20 years.
It covers 2018 (age 26) to 2037 (age 45) where Trout is expected to produce 79 War and the estimated contract price is $823M for 20 years with AAV 41M.

Do you think this comes remotely close to what Trout would receive if he were to be a FA this winter?

6 years ago
Reply to  tung_twista

No, I don’t think he would get 20 years. He’d just get a much higher AAV. This still does nothing to refute the objective facts spelled out in the link I provided. You can argue until you’re blue in the face, the math doesn’t care.

6 years ago
Reply to  bmarkham

bmarkham, I think tung twista is on to someting here. I’ve been thinking about this in the context of the Eric Hosmer contract thing and I think the $10 million/WAR figure is being thrown around too easily. This doesn’t mean that Swartz’s findings are wrong (they are likely correct, technically speaking) but that we do not interpret the findings correctly when discussing that figure.

1) Part of the problem is that there are some really influential outliers in the history of free agent pricing. Swartz actually mentions this in one of the later articles in this series, how there are deals signed 10 years ago that no longer look bad because deals for Pujols, Hamilton, etc have reset the actual value of $/WAR. This should be a huge red flag. In these analyses, Jason Heyward and Robinson Cano are part of the $/WAR figure for several years because they are 3 year averages.
This, by the way, does not actually refute any of Swartz’s analysis. It just means that the expectation of what a team is going to get is not likely what this figure is capturing.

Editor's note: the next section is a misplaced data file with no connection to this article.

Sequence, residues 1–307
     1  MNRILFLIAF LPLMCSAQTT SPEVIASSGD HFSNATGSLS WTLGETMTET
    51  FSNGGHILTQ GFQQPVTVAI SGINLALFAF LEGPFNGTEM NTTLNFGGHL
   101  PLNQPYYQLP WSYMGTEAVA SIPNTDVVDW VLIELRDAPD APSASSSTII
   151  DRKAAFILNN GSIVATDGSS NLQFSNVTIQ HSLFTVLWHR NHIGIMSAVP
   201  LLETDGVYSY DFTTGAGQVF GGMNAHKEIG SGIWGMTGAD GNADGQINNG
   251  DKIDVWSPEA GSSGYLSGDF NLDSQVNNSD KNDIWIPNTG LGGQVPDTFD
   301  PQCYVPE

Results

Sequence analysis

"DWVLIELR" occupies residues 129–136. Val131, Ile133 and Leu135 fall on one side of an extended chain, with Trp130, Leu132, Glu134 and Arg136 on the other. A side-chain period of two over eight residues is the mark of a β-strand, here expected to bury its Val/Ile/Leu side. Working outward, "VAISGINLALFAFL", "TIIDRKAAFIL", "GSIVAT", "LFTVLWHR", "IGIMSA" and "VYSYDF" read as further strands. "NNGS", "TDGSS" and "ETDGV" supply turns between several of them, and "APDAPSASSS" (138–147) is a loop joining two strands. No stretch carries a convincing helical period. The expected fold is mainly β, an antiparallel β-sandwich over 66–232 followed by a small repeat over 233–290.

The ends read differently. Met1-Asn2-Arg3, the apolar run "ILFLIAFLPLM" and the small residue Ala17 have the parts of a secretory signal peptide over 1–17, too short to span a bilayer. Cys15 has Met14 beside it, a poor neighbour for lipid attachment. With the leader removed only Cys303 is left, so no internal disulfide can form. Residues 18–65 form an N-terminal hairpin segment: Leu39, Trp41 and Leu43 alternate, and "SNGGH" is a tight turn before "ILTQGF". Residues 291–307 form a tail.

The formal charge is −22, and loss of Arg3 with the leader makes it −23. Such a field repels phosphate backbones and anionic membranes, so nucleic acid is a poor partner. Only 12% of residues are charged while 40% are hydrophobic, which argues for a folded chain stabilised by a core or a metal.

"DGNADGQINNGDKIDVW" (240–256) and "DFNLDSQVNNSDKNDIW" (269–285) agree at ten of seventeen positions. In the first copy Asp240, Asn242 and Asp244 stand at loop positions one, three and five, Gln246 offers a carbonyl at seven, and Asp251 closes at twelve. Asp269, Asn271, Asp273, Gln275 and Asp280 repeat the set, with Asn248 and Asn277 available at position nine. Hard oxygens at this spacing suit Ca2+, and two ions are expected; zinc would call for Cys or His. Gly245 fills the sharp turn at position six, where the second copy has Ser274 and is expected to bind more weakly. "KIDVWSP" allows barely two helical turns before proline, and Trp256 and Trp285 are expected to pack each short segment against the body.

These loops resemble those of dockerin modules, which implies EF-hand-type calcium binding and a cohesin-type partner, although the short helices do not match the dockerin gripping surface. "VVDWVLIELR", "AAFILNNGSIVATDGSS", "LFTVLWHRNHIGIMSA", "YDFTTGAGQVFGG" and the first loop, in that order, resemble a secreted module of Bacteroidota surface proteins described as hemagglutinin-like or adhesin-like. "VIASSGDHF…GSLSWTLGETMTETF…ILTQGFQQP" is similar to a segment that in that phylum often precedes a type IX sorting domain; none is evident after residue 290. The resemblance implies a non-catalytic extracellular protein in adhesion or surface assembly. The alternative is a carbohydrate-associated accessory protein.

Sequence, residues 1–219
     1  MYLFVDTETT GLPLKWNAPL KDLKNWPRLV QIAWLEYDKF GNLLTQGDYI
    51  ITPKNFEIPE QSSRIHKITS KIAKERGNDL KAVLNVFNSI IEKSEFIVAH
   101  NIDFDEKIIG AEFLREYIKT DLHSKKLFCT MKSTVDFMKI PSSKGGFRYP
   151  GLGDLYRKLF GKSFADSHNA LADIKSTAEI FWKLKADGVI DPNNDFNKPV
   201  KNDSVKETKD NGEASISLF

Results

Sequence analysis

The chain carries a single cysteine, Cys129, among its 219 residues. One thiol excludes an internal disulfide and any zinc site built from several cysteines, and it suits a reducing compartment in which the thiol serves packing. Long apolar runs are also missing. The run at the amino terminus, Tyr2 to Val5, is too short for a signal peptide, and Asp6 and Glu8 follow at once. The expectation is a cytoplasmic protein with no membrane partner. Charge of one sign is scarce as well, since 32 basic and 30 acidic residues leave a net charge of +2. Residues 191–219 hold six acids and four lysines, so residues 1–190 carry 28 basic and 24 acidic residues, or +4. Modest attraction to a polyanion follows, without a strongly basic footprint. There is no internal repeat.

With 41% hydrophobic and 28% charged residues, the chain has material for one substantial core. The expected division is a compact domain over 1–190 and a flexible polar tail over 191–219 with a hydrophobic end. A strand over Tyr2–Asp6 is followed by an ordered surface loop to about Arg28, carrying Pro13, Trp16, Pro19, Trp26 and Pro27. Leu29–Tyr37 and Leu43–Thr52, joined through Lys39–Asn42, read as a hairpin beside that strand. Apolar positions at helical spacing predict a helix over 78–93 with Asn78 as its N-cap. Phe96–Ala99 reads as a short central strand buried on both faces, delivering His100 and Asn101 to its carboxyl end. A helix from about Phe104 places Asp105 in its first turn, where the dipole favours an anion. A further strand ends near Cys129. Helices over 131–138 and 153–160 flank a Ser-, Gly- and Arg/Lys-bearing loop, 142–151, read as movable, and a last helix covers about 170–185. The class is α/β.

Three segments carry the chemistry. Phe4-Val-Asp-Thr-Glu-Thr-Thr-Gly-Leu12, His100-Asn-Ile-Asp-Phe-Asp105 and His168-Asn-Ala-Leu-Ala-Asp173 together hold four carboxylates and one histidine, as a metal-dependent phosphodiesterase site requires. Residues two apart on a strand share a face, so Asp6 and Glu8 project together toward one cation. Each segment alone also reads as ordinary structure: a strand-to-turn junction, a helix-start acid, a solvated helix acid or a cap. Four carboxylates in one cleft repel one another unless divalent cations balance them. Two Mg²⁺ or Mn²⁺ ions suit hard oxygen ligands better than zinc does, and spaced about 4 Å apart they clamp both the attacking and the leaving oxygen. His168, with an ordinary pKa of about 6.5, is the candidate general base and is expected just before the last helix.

2) Swartz also notes that this is not a classic supply-and-demand labor market. The amount of money teams spend appears to be driven by league revenue, while player performance appears to be driven by really good players signing extensions early and no longer being part of the market. So there is a scarcity of talent, and a rising price tag, but the two do not appear to be related to each other.

This whole thing suggests that tung twista is right to be skeptical of the $/WAR figure. Swartz is probably right, but we are probably wrong for how we interpret his work. Many teams are probably not interpreting $10 million/WAR as a good deal, and neither should we. In fact, the results of the study suggest that finding good value in the free agent market is harder than ever, since teams are throwing more money at an increasingly shrinking talent pool. In the context of spending your money elsewhere (on extensions, for example) it looks like the argument isn’t that teams should be spend more money per win on the free agent market, but that teams should spend less overall in the FA market and more elsewhere.

The better way to analyze $/WAR is that salaries are determined through a process of normative comparison. This is something sociologists have started looking into with CEO pay. Here, CEO salaries appear to be totally disconnected from any objective real-world information about “value” and instead are determined by comparing salaries to previous salaries. And that is what we see at the top of the free agent market here too, right? Agents and teams negotiate based on benchmarks about what other contracts have received (if Jordan Zimmerman got this, then this is what Jake Arrieta deserves).

so yeah, bmarkham is right that Swartz’s math doesn’t lie, but tung twista is absolutely right to say something is off about how we’re using that figure.

6 years ago